“As COVID-19 cases were rising and there was a ban on international travel, I could not go to Canada. We are 637 students, who were pursuing classes online, from 3 pm to 2.30 am IST. I have submitted all my projects, presentations and even practical exams. But after studying for one and half years and paying Canadian $ 14,852 fee on loan, my study visa was rejected on August 14, 2021,” she said.
Nisha said that so far 633 students who were studying in these colleges from India have been refused study visas.
Her overall IELTS score, a mandatory requirement to study in English speaking countries, was 6.5. “I sent messages to the High Commissioner of Canada through their official Twitter page ‘Canada in India’ that I want justice but to no avail,” she said.
Nisha along with many other students had applied for study visas through International Development Program consultants, CANAM consultants and some other firms active in various cities of Punjab. She said, “I applied for a study visa through IDP’s Ludhiana and Moga branch. They handled visas of all the students of CCSQ, CDE and M College.”
The Wire spoke to International Development Program’s Moga branch manager Hari Krishan, who said that he was aware of everything and equally concerned.
“It is the students who choose the college. We never force them to join a particular institution. Our role is to act as an intermediary between a student and Canadian authorities. But our client relationship teams in Delhi are talking to the Canadian government to solve this crisis,” he said.
In Nawanshahr district, Jaskaran Singh’s mother had mortgaged her agricultural land to pay her son’s Canadian $ 15,000 fees. Jaskaran’s father passed away a long time ago.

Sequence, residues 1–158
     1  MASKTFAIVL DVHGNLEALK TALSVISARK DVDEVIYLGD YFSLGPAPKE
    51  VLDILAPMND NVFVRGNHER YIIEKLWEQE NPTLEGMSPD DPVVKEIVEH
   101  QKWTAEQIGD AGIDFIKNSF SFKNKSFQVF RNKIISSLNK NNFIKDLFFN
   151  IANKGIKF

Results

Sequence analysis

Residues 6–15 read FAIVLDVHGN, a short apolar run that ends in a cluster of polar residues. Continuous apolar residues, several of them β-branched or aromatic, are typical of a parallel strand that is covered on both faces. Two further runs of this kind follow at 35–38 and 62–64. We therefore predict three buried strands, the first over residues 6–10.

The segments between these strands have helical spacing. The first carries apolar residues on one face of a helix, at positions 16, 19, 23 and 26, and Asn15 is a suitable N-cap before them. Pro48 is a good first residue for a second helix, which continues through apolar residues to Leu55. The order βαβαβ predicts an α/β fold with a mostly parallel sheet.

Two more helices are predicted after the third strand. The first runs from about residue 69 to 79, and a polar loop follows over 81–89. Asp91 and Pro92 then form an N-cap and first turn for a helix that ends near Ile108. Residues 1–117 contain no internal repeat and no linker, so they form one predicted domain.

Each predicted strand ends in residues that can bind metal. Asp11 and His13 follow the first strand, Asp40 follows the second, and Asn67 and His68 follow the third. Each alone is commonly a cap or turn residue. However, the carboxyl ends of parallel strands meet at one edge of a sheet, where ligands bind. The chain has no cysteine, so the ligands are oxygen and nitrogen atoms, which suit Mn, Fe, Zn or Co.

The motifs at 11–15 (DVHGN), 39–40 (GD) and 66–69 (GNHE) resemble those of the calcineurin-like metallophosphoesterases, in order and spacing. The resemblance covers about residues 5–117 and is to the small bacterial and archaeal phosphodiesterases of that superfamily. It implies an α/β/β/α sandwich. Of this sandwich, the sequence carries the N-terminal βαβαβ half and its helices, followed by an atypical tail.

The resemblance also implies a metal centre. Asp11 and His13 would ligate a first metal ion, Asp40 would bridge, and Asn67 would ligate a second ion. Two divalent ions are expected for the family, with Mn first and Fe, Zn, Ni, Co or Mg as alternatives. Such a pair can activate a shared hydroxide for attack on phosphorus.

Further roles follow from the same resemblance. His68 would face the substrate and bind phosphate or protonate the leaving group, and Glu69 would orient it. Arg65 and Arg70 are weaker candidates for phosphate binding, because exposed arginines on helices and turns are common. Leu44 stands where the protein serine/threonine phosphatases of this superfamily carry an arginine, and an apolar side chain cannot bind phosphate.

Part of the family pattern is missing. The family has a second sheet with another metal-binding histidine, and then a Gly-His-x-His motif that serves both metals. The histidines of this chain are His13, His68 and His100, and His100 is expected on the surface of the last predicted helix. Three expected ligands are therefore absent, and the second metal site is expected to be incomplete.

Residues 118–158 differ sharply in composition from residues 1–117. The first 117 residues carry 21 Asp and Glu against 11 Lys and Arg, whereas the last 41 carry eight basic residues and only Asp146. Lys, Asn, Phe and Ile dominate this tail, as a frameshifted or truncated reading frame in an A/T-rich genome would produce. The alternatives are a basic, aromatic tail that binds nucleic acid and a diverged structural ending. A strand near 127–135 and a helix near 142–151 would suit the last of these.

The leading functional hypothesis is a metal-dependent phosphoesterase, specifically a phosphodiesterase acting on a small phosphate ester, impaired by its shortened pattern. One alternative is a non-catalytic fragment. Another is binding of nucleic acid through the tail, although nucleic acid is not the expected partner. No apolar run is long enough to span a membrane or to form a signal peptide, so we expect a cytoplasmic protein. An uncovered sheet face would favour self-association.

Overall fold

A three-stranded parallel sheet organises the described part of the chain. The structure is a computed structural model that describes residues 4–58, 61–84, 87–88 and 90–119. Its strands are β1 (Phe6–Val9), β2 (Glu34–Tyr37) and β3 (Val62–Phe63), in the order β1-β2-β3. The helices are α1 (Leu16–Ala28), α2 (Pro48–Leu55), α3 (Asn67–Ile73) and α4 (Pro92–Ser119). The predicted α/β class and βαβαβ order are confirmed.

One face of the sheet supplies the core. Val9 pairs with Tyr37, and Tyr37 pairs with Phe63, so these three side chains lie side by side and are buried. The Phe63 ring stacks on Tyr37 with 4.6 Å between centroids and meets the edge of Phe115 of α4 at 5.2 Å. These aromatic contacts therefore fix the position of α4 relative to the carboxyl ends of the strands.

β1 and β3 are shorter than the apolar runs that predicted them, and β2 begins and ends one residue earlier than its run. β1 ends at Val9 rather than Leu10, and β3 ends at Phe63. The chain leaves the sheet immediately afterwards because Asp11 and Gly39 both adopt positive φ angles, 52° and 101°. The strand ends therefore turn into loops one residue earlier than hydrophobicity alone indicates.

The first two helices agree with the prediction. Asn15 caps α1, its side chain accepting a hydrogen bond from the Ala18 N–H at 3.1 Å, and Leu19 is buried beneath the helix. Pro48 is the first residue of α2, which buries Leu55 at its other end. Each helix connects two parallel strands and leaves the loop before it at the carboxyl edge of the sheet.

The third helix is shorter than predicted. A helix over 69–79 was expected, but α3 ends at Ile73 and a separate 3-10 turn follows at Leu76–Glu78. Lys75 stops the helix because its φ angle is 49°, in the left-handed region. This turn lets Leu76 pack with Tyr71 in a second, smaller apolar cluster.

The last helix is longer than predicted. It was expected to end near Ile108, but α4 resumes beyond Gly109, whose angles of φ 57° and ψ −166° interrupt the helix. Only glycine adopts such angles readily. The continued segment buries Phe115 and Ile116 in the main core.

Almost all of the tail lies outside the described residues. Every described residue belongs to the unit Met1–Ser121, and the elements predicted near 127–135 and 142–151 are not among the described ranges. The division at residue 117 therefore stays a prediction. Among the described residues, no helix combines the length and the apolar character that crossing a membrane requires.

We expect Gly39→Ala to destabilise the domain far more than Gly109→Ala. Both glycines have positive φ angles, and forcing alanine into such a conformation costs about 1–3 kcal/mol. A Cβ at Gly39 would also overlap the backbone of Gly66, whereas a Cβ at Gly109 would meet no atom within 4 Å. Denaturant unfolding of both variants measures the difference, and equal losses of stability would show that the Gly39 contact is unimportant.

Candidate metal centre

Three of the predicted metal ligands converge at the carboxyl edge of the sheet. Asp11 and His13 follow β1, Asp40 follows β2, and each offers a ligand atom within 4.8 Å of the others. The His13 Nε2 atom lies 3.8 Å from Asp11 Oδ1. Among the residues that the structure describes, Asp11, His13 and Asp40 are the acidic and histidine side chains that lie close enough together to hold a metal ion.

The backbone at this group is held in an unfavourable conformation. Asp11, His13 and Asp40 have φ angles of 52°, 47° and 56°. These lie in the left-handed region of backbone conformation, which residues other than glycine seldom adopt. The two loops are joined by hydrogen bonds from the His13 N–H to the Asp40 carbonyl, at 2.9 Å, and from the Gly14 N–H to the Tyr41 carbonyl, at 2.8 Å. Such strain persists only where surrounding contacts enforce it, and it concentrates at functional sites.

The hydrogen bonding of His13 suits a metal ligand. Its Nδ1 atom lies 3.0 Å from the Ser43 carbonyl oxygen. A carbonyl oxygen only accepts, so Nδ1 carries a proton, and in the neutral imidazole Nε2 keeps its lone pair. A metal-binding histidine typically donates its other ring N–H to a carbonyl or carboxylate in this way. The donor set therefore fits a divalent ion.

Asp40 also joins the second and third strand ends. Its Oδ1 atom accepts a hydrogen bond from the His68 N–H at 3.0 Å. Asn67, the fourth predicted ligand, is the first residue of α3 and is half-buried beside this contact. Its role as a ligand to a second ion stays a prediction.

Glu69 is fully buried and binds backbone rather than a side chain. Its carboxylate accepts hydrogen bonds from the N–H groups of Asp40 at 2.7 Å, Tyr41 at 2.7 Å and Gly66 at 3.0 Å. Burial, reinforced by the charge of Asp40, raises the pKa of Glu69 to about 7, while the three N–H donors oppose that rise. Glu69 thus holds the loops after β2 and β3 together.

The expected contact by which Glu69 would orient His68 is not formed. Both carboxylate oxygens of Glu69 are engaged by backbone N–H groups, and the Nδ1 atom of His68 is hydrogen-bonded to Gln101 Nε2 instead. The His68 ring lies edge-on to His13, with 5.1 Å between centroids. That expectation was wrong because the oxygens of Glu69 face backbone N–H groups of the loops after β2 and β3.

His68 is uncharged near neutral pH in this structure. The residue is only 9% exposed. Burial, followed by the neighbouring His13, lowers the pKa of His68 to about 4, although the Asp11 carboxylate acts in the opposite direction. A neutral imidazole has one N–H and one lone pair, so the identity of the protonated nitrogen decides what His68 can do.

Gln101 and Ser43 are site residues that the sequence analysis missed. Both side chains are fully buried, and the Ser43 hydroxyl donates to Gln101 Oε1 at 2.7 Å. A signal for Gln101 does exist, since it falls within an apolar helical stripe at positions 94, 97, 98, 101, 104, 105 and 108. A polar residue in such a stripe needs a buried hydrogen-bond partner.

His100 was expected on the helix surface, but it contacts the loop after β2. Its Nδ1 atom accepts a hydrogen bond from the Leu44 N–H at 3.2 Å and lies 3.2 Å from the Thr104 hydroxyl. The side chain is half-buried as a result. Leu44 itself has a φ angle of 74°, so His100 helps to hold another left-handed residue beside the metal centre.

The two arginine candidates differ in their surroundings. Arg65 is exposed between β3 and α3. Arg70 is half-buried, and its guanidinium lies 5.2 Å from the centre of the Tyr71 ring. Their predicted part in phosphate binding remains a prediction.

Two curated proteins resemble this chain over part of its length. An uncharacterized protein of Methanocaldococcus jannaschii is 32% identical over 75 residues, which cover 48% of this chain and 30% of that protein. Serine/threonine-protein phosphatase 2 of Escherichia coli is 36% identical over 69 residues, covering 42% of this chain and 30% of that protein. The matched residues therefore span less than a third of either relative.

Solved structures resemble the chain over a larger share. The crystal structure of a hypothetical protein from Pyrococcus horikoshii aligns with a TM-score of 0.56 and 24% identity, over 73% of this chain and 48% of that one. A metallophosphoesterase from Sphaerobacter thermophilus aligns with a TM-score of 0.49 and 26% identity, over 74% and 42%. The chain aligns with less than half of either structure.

His cousin, Garry Sohal said, “Jaskaran had applied for a study visa in July 2020. After studying online for around a year, his visa was also refused in August 2021.”
Amritsar MP Gurjeet Singh Aujla, who is busy ahead of the Punjab assembly polls, called this a very serious matter. “I will write a letter to the Canadian High Commissioner in India and Indian High Commission in Canada and demand justice. I am not in the parliament because of elections but I will take up the matter in March,” he said.
Students in India have also formed a nine-member group – Indian Montreal Youth Student Organisation – to seek justice.
Every year lakhs of students, skilled workers and businessmen from Punjab leave for Canada in search of better opportunities.
Even matrimonial columns of newspapers are also flooded with advertisements asking for men or women who have passed the IELTS, with the promise that “expenses of education would be borne by the spouse’s family.”
Manjit Singh, former professor of sociology from Panjab University, Chandigarh said, “This shows how, over the years, respective state and Union governments have ruined Punjab. Governments are not bothered.”
Demanding intervention by the Ministry of External Affairs and the Canadian government, Manjit Singh said it is a harsh reality that India has neither quality and affordable education nor employment opportunities. “Students want value for their education, which they are not getting here,” he said.